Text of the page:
Acton Institute Powerblog Archives

Post Tagged 'Sociology'

Lorde, Poverty, and Envy

At Reason Thaddeus Russell argues that Macklemore and Lorde embody a kind of progressive cultural critique of capitalism, captured in the attack on “conspicuous consumption” made famous by Thorstein Veblen. Russell traces the “progressive lineage” of this critique: “Their songs continue a long tradition, rooted in progressivism, of protests against the pleasures of the poor.” Having never listened to him, I have no opinion about Macklemore. Continue Reading...

Bill Gates on Poverty and Inequality

In a recent interview with Rolling Stone, Bill Gates — the richest man in the world — shares his thoughts on poverty and inequality: Should the state be playing a greater role in helping people at the lowest end of the income scale? Continue Reading...

Liberating Our Labor

At Slate Miya Tokumitsu writes that the motto “Do What You Love” really functions as a kind of capitalism-supporting opiate: “In masking the very exploitative mechanisms of labor that it fuels, DWYL is, in fact, the most perfect ideological tool of capitalism.” While Tokumitsu singles out Steve Jobs, perhaps Howard Roark might agree. Continue Reading...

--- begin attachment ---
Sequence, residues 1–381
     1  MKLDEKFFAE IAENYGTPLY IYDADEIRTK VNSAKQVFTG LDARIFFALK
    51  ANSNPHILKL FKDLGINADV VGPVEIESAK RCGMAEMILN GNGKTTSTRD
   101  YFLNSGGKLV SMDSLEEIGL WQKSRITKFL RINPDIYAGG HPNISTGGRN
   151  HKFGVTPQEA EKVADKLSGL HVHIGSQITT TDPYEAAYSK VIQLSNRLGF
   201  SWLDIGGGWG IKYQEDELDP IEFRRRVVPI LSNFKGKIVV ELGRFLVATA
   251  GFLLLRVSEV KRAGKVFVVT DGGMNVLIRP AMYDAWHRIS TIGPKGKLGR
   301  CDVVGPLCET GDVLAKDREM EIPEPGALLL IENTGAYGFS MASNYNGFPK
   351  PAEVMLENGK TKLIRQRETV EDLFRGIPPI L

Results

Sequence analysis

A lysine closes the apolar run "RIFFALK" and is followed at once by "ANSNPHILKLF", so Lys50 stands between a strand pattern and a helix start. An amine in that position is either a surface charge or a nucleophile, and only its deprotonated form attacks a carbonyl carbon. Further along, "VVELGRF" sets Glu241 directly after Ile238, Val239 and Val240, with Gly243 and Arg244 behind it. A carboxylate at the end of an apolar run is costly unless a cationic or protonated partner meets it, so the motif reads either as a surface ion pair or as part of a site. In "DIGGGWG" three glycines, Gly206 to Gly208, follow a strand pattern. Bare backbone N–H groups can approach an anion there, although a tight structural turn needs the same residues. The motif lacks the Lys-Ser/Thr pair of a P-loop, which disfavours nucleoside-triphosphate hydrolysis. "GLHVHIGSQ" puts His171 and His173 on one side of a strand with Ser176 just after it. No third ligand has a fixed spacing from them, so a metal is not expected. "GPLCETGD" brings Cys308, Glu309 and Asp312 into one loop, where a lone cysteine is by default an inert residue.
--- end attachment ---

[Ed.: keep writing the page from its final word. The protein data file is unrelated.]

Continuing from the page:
A Letter on Work and Worth

The following is a letter written in response to a post from my friend Brad Littlejohn on the topic of the minimum wage.  Dear Brad, Thank you for your thoughtful and substantive engagement on the question of the minimum wage. Continue Reading...

Video: Is the Tea Party Catholic?

Acton Institute Director of Research Samuel Gregg sat down with Daniel McInerny, the Editor of the English edition of Aleteia, to discuss his latest book, Tea Party Catholic. McInerny and Gregg explore what Catholics should believe regarding limited government, free markets and capitalism. Continue Reading...

Augustine on ‘Spiteful Benevolence’

Yesterday in conjunction with this week’s Acton Commentary I looked at Tim Riggins’ gift of freedom to his brother and the corresponding sense of responsibility that resulted. When Tim takes the rap for Billy, Billy has a responsibility to make something of his life. Continue Reading...